We have all missed performing for live audiences, and many have found ways to scratch the itch with virtual performances, recordings, creative collaborations, and the like. As we transition back to some of the “normal” routines, working with opera companies (both in choruses and as soloists), symphonies, and other entities, many of us have had time to reflect on how we feel about our work, and how we feel we are being respected (or not) by those entities. Whether it’s an opera chorus, a ballet company, a symphony, a community/church choir, or maybe even a barbershop quartet, it’s so easy to make the members feel valued. A quick “Welcome back, we are so excited to see you” email from the “powers-that-be” can be incredibly effective. It may seem trivial, and in the hectic scramble of life it is easy to forget these small touches, but they really do make a difference to how your employees, coworkers, and even bosses, feel.
The same goes for those of us running our own private voice studios. I always send a general “Welcome to a new semester in the Maus Vocal Studio” email once I get my schedule set up, but this fall semester it felt especially important, and I spent more time than usual writing and re-reading it. Never forget that all of our students want to feel like they belong and that they matter, and as teachers we have an incredible amount of power to tip that scale one way or the other (even if we don’t always feel that way). In fact, this has always been a part of my own general teaching philosophy. Yes, I have goals, and I want my students to build their skills and become self-sufficient and technically sound singers. But I also want my students to know that first and foremost, I care about them as human beings, and I am invested in helping them grow. I push them. I challenge them. I build their voices as best I can, but along the way I also want to build them up to be confident, kind, and supportive people who have a real love of music.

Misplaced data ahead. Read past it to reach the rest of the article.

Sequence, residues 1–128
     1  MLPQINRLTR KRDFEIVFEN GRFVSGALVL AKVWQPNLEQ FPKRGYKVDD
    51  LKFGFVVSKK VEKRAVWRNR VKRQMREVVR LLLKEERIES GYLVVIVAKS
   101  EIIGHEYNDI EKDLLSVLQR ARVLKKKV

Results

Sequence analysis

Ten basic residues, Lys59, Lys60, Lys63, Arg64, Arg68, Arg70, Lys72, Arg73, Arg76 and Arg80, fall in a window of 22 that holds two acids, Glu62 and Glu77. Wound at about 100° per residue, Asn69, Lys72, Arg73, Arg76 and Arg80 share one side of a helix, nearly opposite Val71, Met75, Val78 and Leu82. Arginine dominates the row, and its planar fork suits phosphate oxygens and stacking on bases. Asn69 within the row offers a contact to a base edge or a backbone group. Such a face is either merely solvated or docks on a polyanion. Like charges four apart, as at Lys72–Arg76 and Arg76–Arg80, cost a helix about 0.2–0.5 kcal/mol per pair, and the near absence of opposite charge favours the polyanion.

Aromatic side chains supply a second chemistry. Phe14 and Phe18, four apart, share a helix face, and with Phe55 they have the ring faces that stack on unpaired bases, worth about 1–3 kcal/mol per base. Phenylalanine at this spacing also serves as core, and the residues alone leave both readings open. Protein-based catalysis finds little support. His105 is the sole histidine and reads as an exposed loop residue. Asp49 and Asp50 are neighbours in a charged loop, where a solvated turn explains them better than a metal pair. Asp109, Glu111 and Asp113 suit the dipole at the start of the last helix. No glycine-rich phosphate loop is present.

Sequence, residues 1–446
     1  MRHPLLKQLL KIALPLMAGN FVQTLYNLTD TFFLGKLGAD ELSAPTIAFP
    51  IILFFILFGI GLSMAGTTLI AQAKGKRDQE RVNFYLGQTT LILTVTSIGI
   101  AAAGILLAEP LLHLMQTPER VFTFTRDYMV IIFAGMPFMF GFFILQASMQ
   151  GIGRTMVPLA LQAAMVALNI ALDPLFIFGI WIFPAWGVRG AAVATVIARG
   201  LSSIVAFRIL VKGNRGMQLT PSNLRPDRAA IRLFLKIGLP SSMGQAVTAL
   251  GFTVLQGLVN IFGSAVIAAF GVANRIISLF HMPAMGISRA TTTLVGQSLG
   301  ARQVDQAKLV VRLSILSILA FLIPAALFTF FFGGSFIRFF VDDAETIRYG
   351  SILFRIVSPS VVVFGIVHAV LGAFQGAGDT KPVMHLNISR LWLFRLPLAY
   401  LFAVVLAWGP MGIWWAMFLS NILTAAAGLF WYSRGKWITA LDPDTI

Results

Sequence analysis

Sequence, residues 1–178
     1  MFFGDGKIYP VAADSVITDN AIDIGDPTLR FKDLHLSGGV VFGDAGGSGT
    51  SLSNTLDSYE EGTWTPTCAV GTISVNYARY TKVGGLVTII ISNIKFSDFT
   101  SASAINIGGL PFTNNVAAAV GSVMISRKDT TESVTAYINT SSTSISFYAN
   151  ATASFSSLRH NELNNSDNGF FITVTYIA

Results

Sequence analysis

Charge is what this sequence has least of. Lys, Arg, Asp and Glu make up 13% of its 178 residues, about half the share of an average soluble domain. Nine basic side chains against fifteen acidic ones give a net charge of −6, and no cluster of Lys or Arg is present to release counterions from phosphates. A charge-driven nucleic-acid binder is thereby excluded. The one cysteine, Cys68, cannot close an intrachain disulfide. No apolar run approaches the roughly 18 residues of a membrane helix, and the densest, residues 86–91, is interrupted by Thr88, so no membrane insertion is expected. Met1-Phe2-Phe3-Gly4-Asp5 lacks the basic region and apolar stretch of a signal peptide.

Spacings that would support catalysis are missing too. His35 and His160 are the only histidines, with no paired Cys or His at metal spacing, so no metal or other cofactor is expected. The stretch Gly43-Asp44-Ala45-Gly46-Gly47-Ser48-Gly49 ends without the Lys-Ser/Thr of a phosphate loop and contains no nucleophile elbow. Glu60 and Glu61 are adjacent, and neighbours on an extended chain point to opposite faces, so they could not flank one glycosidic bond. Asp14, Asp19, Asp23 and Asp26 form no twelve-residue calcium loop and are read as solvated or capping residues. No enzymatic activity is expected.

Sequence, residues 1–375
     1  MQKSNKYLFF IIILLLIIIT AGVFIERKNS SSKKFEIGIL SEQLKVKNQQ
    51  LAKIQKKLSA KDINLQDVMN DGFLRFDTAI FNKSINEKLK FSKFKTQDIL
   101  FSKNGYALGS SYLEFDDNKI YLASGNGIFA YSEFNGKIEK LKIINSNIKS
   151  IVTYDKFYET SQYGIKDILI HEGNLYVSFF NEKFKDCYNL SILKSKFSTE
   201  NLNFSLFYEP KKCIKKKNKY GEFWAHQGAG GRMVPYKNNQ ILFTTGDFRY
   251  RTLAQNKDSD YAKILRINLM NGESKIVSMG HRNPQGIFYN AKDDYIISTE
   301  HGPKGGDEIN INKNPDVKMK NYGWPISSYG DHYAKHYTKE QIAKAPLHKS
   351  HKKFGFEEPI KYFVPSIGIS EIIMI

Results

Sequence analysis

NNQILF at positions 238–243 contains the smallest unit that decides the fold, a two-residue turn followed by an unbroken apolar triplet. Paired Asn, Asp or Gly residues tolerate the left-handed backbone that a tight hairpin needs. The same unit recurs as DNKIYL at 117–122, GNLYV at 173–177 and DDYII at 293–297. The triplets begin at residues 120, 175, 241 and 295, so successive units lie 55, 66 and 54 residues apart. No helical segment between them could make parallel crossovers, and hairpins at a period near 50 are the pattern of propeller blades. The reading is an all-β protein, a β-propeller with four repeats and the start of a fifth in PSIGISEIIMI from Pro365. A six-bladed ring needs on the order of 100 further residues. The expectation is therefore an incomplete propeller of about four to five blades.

The people in your life, whether the relationship is professional or personal, should always feel like they matter. It takes so little effort to write that email, to send that text or Instagram/Facebook message, or to share that funny meme with the person who will just love it. It takes slightly more effort to call someone on the phone, but that too pays huge dividends, and is well worth your time. People seem to be almost mindless these days in their rush to write a nasty review, or tear someone down in a pointless online argument, or are in too much of a hurry to be friendly or polite. Everyone has value as a human being, and we are all fellow adventurers in this journey called Life. We owe it to ourselves to help others see their own worth as we do, and we owe it to others to let them know that they matter to us. CUE CAST ALBUM FOR WAITRESS–TRACK 15–YOU MATTER TO ME, and let the feelings commence.